UP TO 70% OF OUR IMMUNITY DEPENDS ON OUR FLORA
INTESTINAL… WHAT IF WE IMPROVE OUR DIGESTIVE TRACT TO PREVENT
The gastrointestinal tract constitutes the second largest surface of the human body after therespiratory tract, with an approximate area of 400m2. The area of a paddle court is 200m2, a volleyball court is 162m2m2 and the international basketball court is420m2m2m2m2m2… we can realize with this the magnitude of the absorption capacity of our intestine?…
The gut microbiota is the set of microorganisms that reside in the human gut and it contains billions of microorganisms formed by bacteria, fungi, yeasts and viruses. While we have traditionally estimated that the ratio between bacteria (1014)and human cells (1013)is 10:1, the current review calculates that ratio of approximately 1:1 (3.8 x 1013 bacteria: 3 x 1013 human cells). One bacterium for every human cell.
We have the same amount of bacteria as human cells.
We are half human, half bacteria
To get an idea of the importance of this data, it is enough to say that more than 30 billion bacteria have evolved and adapted to the interior of our body, a very hostile place, where they have learned to perform vital functions for us, so much so that without them we would become seriously ill or, directly, we would die. Don't you think it makes sense to take care of them?… in short, it is to take care of our other half… today
In this graph you can see the distribution of the number and mass of the different types of cells in the human body of an adult man of 70 kg: erythrocytes or red blood cells (erythrocytes), adipocytes or fat cells (adipocytes), muscle cells (muscle cells) and others (others) and bacteria (bacteria) Revised estimates for the number of human and bacteria cells in the body.
Ron Sender, Shai Fuchs, Ron Milo. bioRxiv 036103; doi: https://doi.org/10.1101/036103 – Now published in PLOS Biology doi: 10.1371/journal.pbio.1002533 When we are in the womb, humans lack a microbiota, intestinal colonization begins in childbirth with the mother's gut and vaginal microbiota and continues with breast milk.
This is very important because in the case of cesarean deliveries colonization does not happen and must be taken into account in these children as well as when the newborn is not breastfeeding.It is known that situations that occur around birth increase the risk of developing obesity, diabetes and cardiovascular disease in adulthood, and initial colonization could be very important in determining the final composition of the permanent microbiota in adults.
The bacterial populations that will form the gut microbiota change throughout life with the environment, genetic load, age, type of diet, stress, infections, antibiotic use, food intolerances.
The interrelationship between the gut microbiota and the human host is symbiotic which means that we give it a habitat with nutrients and in return we receive functions that contribute to intestinal homeostasis (self-regulating mechanisms) both immunological and metabolic.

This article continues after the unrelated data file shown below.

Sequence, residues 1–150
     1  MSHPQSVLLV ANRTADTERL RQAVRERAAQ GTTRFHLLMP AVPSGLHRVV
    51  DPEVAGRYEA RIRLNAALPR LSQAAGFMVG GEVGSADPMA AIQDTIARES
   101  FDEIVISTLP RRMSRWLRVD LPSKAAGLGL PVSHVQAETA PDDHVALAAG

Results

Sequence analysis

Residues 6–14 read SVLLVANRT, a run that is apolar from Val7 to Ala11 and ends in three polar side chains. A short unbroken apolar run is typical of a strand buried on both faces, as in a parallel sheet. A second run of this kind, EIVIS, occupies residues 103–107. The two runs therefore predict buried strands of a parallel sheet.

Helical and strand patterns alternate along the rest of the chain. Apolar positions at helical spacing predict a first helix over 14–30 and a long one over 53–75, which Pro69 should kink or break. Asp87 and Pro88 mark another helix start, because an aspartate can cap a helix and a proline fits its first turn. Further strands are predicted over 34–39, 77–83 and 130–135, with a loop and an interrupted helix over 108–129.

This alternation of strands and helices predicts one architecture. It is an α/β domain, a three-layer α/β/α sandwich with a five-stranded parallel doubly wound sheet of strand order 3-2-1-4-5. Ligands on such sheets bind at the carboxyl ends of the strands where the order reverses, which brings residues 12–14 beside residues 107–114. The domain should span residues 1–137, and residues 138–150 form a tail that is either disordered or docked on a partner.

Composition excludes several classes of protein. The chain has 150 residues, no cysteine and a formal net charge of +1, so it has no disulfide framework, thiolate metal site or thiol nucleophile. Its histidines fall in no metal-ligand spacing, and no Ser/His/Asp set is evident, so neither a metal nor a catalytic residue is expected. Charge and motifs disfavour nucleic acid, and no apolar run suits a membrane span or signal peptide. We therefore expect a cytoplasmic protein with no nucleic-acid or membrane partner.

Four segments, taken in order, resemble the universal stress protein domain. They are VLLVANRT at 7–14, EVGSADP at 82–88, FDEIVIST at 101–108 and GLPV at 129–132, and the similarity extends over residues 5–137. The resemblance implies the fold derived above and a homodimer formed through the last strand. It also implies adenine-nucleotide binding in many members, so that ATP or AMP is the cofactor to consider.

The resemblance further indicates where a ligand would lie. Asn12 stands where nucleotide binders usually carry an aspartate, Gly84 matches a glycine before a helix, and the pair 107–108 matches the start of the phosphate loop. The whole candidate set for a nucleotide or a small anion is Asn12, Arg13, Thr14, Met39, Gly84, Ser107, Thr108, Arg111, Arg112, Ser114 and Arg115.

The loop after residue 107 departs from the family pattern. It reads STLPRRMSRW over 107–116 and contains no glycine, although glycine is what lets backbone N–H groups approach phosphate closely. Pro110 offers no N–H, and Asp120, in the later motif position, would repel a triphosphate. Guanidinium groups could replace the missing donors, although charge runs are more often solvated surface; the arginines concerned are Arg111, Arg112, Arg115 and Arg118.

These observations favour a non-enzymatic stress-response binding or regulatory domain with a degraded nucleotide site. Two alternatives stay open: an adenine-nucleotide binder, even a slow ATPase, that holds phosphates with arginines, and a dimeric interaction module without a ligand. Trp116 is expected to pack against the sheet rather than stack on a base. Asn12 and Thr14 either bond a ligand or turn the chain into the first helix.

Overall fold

That is why the whole of the gut microbiota is considered as a real organ It constitutes a protective barrier against pathogens thanks to the space it occupies, the ability to secretion antimicrobial substances and the acidification of the medium by secreting organic acids.
In addition, beneficial bacteria keep epithelial cells healthy, regulating the process of constant renewal and strengthening the defense against invading microorganisms.
The gut could not digest certain nutrients from food without the help of beneficial bacteria. The intestinal microbiota intervenes in metabolic processes since they digest proteins, break down lipids and ferment the polysaccharides obtained from dietary fiber giving rise to monosaccharides and short-chain fatty acids such as acetate, propionate and butyrate. Acetate is used by myocytes and cardiomyocytes (muscle cells the former and heart muscle cells the latter), propionate is involved in hepatic gluconeogenesis (manufacture of glucose by the liver from precursors other than carbohydrates) and butyrate provides an anti-inflammatory effect and is an energy source for epithelial cells , which are the coating cells.
The dietary habits of each individual establish a profile of particular bacteria in each person. In Africa where more fiber is eaten, there is a higher proportion of bacteria called Bacteroidetes and a lower proportion of Firmicutes compared to European individuals. People who have high amounts of Firmicutes in their gut microbiota have an increased risk of diabetes, obesity and hypercholesterolemia, predisposing them to an increased risk of cardiovas-cular disease. The excessive consumption of sugary foods and processed carbohydrates favor the development of fungi, especially Candida spp.
Intestinal dysbiosis is an alteration of our microbiota, very common nowadays in the whole population; now we can understand how this generates digestive problems and diseases throughout our body.
When we have digestive symptoms that we call "chronic" such as heartburn, gas, belching, abdominal bloating, abdominal pain after meals, constipation or diarrhea among others, we have to be alert and make a proper evaluation to correct them because we will not only relieve those symptoms but we will also be improving our defenses and ensuring greater immune strength to prevent diseases of any part of our body; viral, bacterial or fungal infections, rheumatological and autoimmune diseases, metabolic diseases such as diabetes or arteriosclerosis, degenerative diseases such as Alzheimer's or pathologies such as Cancer.
If you want to evaluate your diet and lifestyle to improve your health, do not hesitate to contact for an appointment and we get to work.
Dr. Milagros Vélez Galván
Con Salud, Salut Verda